Dayton v. James et al

Filing 14

ORDER and FINDINGS and RECOMMENDATIONS signed by Magistrate Judge Kendall J. Newman on 1/6/2017 RECOMMENDING that: the 7 Motion to Dismiss be granted; Plaintiff's claim under 42 USC 1983 be dismissed with prejudice; any remaining state law cl aims be dismissed without prejudice; and the clerk be directed to close this case. It is hereby ORDERED that all pleading, discovery, and motion practice in this action are STAYED. Referred to Judge Kimberly J. Mueller. Objections due within 14 days after being served with these findings and recommendations. (Donati, J)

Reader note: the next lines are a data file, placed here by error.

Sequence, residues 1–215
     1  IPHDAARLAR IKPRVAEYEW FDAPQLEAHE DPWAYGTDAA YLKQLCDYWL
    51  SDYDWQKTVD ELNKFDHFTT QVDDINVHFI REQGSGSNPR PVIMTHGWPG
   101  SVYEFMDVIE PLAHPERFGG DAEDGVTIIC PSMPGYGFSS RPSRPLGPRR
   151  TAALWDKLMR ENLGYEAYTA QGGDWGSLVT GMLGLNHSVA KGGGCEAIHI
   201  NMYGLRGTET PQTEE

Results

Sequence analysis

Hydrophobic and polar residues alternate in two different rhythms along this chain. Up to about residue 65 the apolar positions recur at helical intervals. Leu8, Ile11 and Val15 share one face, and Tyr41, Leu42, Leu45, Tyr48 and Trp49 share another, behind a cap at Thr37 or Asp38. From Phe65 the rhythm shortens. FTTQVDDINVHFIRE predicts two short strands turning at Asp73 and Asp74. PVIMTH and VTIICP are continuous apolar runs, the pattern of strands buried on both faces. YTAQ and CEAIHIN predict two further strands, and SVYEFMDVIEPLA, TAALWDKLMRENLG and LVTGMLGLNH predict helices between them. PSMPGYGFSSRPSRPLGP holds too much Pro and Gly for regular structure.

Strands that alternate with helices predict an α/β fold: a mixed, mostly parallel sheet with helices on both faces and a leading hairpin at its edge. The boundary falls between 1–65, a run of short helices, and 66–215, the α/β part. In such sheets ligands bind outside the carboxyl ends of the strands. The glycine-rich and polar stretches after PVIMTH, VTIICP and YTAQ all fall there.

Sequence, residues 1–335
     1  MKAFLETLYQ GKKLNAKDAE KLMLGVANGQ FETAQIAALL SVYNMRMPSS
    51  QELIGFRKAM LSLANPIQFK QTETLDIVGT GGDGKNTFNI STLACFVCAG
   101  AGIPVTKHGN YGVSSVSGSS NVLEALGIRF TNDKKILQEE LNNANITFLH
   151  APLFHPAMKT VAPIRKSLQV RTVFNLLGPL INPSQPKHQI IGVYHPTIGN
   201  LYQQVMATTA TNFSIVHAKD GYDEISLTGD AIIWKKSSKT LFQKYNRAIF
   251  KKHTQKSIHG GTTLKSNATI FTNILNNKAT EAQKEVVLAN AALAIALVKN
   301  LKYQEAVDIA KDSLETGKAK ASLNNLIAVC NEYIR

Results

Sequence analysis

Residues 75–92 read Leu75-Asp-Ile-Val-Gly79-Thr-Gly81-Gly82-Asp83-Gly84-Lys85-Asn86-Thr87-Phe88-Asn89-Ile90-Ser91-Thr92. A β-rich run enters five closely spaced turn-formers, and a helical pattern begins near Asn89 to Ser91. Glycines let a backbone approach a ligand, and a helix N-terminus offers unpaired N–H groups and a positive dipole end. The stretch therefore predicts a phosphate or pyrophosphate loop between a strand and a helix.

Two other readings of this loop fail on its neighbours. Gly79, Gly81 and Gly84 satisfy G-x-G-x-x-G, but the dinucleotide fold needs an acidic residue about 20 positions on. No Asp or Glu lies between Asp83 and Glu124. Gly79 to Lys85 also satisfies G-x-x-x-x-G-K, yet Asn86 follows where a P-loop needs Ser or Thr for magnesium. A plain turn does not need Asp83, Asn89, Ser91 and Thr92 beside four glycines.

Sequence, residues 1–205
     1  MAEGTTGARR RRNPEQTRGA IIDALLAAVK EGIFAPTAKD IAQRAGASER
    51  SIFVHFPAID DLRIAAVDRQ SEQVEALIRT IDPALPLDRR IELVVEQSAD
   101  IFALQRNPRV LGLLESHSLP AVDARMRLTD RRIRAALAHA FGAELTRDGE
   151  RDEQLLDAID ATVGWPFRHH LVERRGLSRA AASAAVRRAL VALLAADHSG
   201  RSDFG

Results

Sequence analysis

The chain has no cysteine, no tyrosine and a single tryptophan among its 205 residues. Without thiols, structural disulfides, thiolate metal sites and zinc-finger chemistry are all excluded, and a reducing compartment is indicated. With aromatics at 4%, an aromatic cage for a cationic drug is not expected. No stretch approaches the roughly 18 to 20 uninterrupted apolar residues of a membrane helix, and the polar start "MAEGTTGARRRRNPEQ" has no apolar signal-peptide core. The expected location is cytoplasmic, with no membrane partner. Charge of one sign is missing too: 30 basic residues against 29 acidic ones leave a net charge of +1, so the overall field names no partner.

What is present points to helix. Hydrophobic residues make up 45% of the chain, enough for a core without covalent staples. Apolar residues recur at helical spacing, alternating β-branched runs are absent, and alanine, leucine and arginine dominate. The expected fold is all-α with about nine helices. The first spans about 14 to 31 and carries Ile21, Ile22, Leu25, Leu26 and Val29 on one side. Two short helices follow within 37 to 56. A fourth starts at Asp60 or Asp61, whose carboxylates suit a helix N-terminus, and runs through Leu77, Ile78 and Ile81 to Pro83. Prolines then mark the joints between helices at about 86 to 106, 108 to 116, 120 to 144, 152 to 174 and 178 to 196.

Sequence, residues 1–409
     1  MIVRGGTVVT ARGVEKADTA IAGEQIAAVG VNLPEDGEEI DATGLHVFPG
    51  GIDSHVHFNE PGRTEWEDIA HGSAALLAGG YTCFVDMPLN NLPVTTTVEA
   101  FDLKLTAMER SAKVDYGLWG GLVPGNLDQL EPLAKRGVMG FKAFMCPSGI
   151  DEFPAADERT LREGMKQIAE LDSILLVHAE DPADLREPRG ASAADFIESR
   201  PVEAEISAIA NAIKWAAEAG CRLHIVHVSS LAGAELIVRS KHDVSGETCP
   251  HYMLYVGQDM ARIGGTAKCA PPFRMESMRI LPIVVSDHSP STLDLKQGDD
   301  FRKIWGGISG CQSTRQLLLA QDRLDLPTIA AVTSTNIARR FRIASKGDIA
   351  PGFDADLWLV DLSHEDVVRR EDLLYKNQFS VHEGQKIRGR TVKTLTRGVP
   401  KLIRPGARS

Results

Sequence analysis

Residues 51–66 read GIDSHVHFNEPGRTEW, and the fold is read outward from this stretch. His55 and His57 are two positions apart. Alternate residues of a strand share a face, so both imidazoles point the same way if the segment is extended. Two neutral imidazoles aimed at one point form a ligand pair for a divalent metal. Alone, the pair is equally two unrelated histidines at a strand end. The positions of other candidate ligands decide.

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1 2 3 4 5 6 7 8 UNITED STATES DISTRICT COURT 9 FOR THE EASTERN DISTRICT OF CALIFORNIA 10 11 EDWARD R. DAYTON, 12 Plaintiff, 13 14 No. 2:16-cv-1735-KJM-KJN PS v. ORDER AND DAVID JAMES, et al., 15 FINDINGS AND RECOMMENDATIONS Defendants. 16 17 INTRODUCTION Plaintiff Edward Dayton, proceeding without counsel, initially commenced this action on 18 19 July 25, 2016, and paid the filing fee. (ECF No. 1.)1 Presently pending before the court is 20 defendants David James, Fairfield Police Department, and City of Fairfield’s motion to dismiss 21 plaintiff’s first amended complaint pursuant to Federal Rule of Civil Procedure 12(b)(6). (ECF 22 No. 7.) Plaintiff has timely opposed the motion, and defendants filed a reply brief. (ECF Nos. 23 11, 12.)2 After carefully considering the parties’ written briefing, the court’s record, and the 24 25 applicable law, the court recommends that the motion be GRANTED. 26 1 27 28 2 This case proceeds before the undersigned pursuant to Local Rule 302(c)(21). The court finds the motion appropriate for resolution without oral argument pursuant to Local Rule 230(g). As such, the January 12, 2017 hearing is VACATED. 1 1 2 BACKGROUND The background facts are taken from plaintiff’s operative first amended complaint. (ECF 3 No. 4.) According to plaintiff, he has been the subject of inspections, citations, and abatement 4 actions by the City of Fairfield and David James, who is alleged to be a supervisory code 5 enforcement officer for the City of Fairfield, since 2005. Around January 31, 2012, some of 6 plaintiff’s personal property was purportedly removed from the street in front of his home by the 7 Solano Garbage Company. 8 9 That same day, on January 31, 2012, plaintiff submitted a request under the California Public Records Act (“CPRA”) to the City of Fairfield Police Department, requesting the reason 10 and legal authority for removal of the property, as well as any documentation regarding the 11 removal. James apparently responded that no relevant records or documents existed. 12 Subsequently, on July 23, 2015, plaintiff submitted another CPRA request to the City of 13 Fairfield Police Department and other City of Fairfield departments, requesting the names and 14 titles of any police officers and others who were present or engaged in any way with the removal 15 of plaintiff’s property, as well as documents, recordings, photographs, and reports regarding such 16 removal. On July 24, 2015, James again responded that no public records existed relevant to 17 plaintiff’s request. 18 Plaintiff claims that James abused his power and intentionally failed to comply with the 19 CPRA, which violated plaintiff’s civil rights under 42 U.S.C. § 1983. Plaintiff also purports to 20 state some type of state common law negligence claim based on the alleged improper handling 21 and processing of his public records requests. Plaintiff names David James, the City of Fairfield 22 Police Department, and the City of Fairfield as defendants. Plaintiff requests $250,000.00 in 23 damages, plus an award of punitive damages. 24 LEGAL STANDARD 25 A motion to dismiss brought pursuant to Federal Rule of Civil Procedure 12(b)(6) 26 challenges the sufficiency of the pleadings set forth in the complaint. Vega v. JPMorgan Chase 27 Bank, N.A., 654 F. Supp. 2d 1104, 1109 (E.D. Cal. 2009). Under the “notice pleading” standard 28 of the Federal Rules of Civil Procedure, a plaintiff’s complaint must provide, in part, a “short and 2 1 plain statement” of plaintiff’s claims showing entitlement to relief. Fed. R. Civ. P. 8(a)(2); see 2 also Paulsen v. CNF, Inc., 559 F.3d 1061, 1071 (9th Cir. 2009). “To survive a motion to dismiss, 3 a complaint must contain sufficient factual matter, accepted as true, to ‘state a claim to relief that 4 is plausible on its face.’” Ashcroft v. Iqbal, 556 U.S. 662, 678 (2009) (citing Bell Atl. Corp. v. 5 Twombly, 550 U.S. 544, 570 (2007)). “A claim has facial plausibility when the plaintiff pleads 6 factual content that allows the court to draw the reasonable inference that the defendant is liable 7 for the misconduct alleged.” Id. 8 In considering a motion to dismiss for failure to state a claim, the court accepts all of the 9 facts alleged in the complaint as true and construes them in the light most favorable to the 10 plaintiff. Corrie v. Caterpillar, Inc., 503 F.3d 974, 977 (9th Cir. 2007). The court is “not, 11 however, required to accept as true conclusory allegations that are contradicted by documents 12 referred to in the complaint, and [the court does] not necessarily assume the truth of legal 13 conclusions merely because they are cast in the form of factual allegations.” Paulsen, 559 F.3d at 14 1071. The court must construe a pro se pleading liberally to determine if it states a claim and, 15 prior to dismissal, tell a plaintiff of deficiencies in his complaint and give plaintiff an opportunity 16 to cure them if it appears at all possible that the plaintiff can correct the defect. See Lopez v. 17 Smith, 203 F.3d 1122, 1130-31 (9th Cir. 2000) (en banc); accord Balistreri v. Pacifica Police 18 Dep’t, 901 F.2d 696, 699 (9th Cir. 1990) (stating that “pro se pleadings are liberally construed, 19 particularly where civil rights claims are involved”); see also Hebbe v. Pliler, 627 F.3d 338, 342 20 & n.7 (9th Cir. 2010) (stating that courts continue to construe pro se filings liberally even when 21 evaluating them under the standard announced in Iqbal). 22 In ruling on a motion to dismiss filed pursuant to Rule 12(b)(6), the court “may generally 23 consider only allegations contained in the pleadings, exhibits attached to the complaint, and 24 matters properly subject to judicial notice.” Outdoor Media Group, Inc. v. City of Beaumont, 506 25 F.3d 895, 899 (9th Cir. 2007) (citation and quotation marks omitted). Although the court may not 26 consider a memorandum in opposition to a defendant’s motion to dismiss to determine the 27 propriety of a Rule 12(b)(6) motion, see Schneider v. Cal. Dep’t of Corrections, 151 F.3d 1194, 28 1197 n.1 (9th Cir. 1998), it may consider allegations raised in opposition papers in deciding 3 1 whether to grant leave to amend, see, e.g., Broam v. Bogan, 320 F.3d 1023, 1026 n.2 (9th Cir. 2 2003). 3 DISCUSSION 4 Federal Claim under 42 U.S.C. § 1983 5 As noted above, the first amended complaint alleges a violation of 42 U.S.C. § 1983 based 6 on James’s alleged intentional failure to comply with the CPRA. For the reasons discussed 7 below, that claim is not viable. 8 9 The first amended complaint itself does not identify a specific constitutional provision that was allegedly violated, but plaintiff’s opposition brief clarifies plaintiff’s position that James’s 10 responses to plaintiff’s CPRA requests violated plaintiff’s due process rights under the Fourteenth 11 Amendment. However, it is well established that “[n]either the First Amendment nor the 12 Fourteenth Amendment mandates a right of access to government information or sources of 13 information within the government’s control.” Houchins v. KQED, Inc., 438 U.S. 1, 15 (1978); 14 see also Brooks v. Vallejo City Unified School District, 2:12-cv-1466-GEB-EFB, ECF Nos. 28, 15 33 (dismissing 42 U.S.C. § 1983 claims for violation of First Amendment free speech rights and 16 Fourteenth Amendment due process and equal protection rights based on alleged CPRA 17 violations); Brooks v. Vallejo City Unified School District, 2:09-cv-1815-MCE-JFM, ECF Nos. 18 41, 47 (dismissing 42 U.S.C. § 1983 claims for violation of First Amendment free speech rights 19 and Fourteenth Amendment due process rights based on alleged CPRA violations), ECF No. 59 20 (Ninth Circuit opinion summarily affirming dismissal in reliance on Houchins). Consequently, 21 plaintiff does not allege a cognizable Fourteenth Amendment due process violation to support a 22 claim under 42 U.S.C. § 1983. 23 Furthermore, even assuming, without deciding, that James actually violated the CPRA, 24 such a violation by itself is insufficient to state a claim under 42 U.S.C. § 1983, which requires 25 violation of a federal constitutional or statutory right. See Galen v. Cnty. of Los Angeles, 477 26 F.3d 652, 662 (9th Cir. 2007) (“Section 1983 requires Galen to demonstrate a violation of federal 27 law, not state law.”); Ove v. Gwinn, 264 F.3d 817, 824 (9th Cir. 2001) (“To the extent that the 28 violation of a state law amounts to the deprivation of a state-created interest that reaches beyond 4 1 that guaranteed by the federal Constitution, Section 1983 offers no redress.”). Plaintiff does have 2 an avenue for seeking relief under the CPRA, but such relief must be pursued in state court. See 3 Cal. Gov’t Code §§ 6258, 6259. 4 5 6 Therefore, plaintiff’s claim under 42 U.S.C. § 1983, as pled in the first amended complaint, is subject to dismissal. In his opposition brief, plaintiff argues that he should be granted leave to amend to assert 7 additional proposed factual allegations. As discussed below, that argument is unavailing, because 8 those proposed factual allegations cannot plausibly cure plaintiff’s 42 U.S.C. § 1983 claim. 9 Plaintiff proposes to allege additional facts in, and attach documents to, a second amended 10 complaint showing that the information requested in his CPRA requests was in fact available, and 11 that James thus lied when he stated that no relevant responsive documents existed. Such 12 additional allegations may potentially bolster plaintiff’s contention that James’s alleged CPRA 13 violation was intentional and an abuse of power. Nevertheless, a CPRA violation, whether 14 intentional or unintentional, still cannot support a Fourteenth Amendment due process claim 15 under 42 U.S.C. § 1983 for the reasons discussed above. 16 Plaintiff also proposes to allege that his failure to receive documents responsive to the 17 CPRA requests prejudiced plaintiff in his ability to oppose a substantive motion filed in litigation 18 that plaintiff had initiated against James and the City of Fairfield in state court, thereby violating 19 plaintiff’s due process rights. That argument lacks merit. As noted above, Houchins forecloses 20 an independent Fourteenth Amendment due process claim based on an alleged violation of the 21 CPRA as asserted in this federal case. To the extent that plaintiff contends that he was not 22 afforded an adequate opportunity to obtain necessary discovery before the state court ruled on the 23 dispositive motion in the state case, that is a matter that should be properly raised on appeal of the 24 state court case to the state appellate courts. 25 The court has carefully considered whether plaintiff should be granted leave to amend his 26 42 U.S.C. § 1983 claim. Ordinarily, the court, consistent with applicable law, liberally grants 27 leave to amend, especially to pro se litigants, if it appears that a potentially cognizable claim 28 could be stated. However, given the nature of plaintiff’s allegations in the first amended 5 1 complaint, the proposed allegations in plaintiff’s opposition brief, and the existence of binding 2 law that forecloses the type of claim that plaintiff is attempting to assert, the court concludes that 3 granting leave to amend here would be futile. See Cahill v. Liberty Mut. Ins. Co., 80 F.3d 336, 4 339 (9th Cir. 1996). 5 Accordingly, plaintiff’s 42 U.S.C. § 1983 claim should be dismissed with prejudice. 6 Remaining State Law Claim(s) 7 Because the parties here are not diverse, and there are no federal claims remaining, the 8 court finds it appropriate to decline to exercise supplemental jurisdiction over any remaining state 9 law claims, especially given that the case is only in its infancy. See 28 U.S.C. § 1367(c)(3) (“The 10 district courts may decline to exercise supplemental jurisdiction over a claim...if – the district 11 court has dismissed all claims over which it has original jurisdiction”); see also Acri v. Varian 12 Associates, Inc., 114 F.3d 999, 1000-01 (9th Cir. 1997) (“‘in the usual case in which all federal- 13 law claims are eliminated before trial, the balance of factors . . . will point toward declining to 14 exercise jurisdiction over the remaining state-law claims’”), quoting Carnegie-Mellon University 15 v. Cohill, 484 U.S. 343, 350 n.7 (1988). Consequently, any remaining state law claims should be 16 dismissed without prejudice. 17 CONCLUSION 18 For the reasons outlined above, IT IS HEREBY RECOMMENDED that: 19 1. Defendants’ motion to dismiss (ECF No. 7) be GRANTED. 20 2. Plaintiff’s claim under 42 U.S.C. § 1983 be DISMISSED WITH PREJUDICE. 21 3. Any remaining state law claims be DISMISSED WITHOUT PREJUDICE. 22 4. The Clerk of Court be directed to close this case. 23 In light of those recommendations, IT IS ALSO HEREBY ORDERED that all pleading, 24 discovery, and motion practice in this action are STAYED pending resolution of these findings 25 and recommendations. With the exception of objections to the findings and recommendations 26 and non-frivolous motions for emergency relief, the court will not entertain or respond to any 27 motions or filings until the findings and recommendations are resolved. 28 //// 6 1 These findings and recommendations are submitted to the United States District Judge 2 assigned to the case, pursuant to the provisions of 28 U.S.C. § 636(b)(l). Within fourteen (14) 3 days after being served with these findings and recommendations, any party may file written 4 objections with the court and serve a copy on all parties. Such a document should be captioned 5 “Objections to Magistrate Judge’s Findings and Recommendations.” Any reply to the objections 6 shall be served on all parties and filed with the court within fourteen (14) days after service of the 7 objections. The parties are advised that failure to file objections within the specified time may 8 waive the right to appeal the District Court’s order. Turner v. Duncan, 158 F.3d 449, 455 (9th 9 Cir. 1998); Martinez v. Ylst, 951 F.2d 1153, 1156-57 (9th Cir. 1991). 10 11 IT IS SO ORDERED AND RECOMMENDED. Dated: January 6, 2017 12 13 14 15 16 17 18 19 20 21 22 23 24 25 26 27 28 7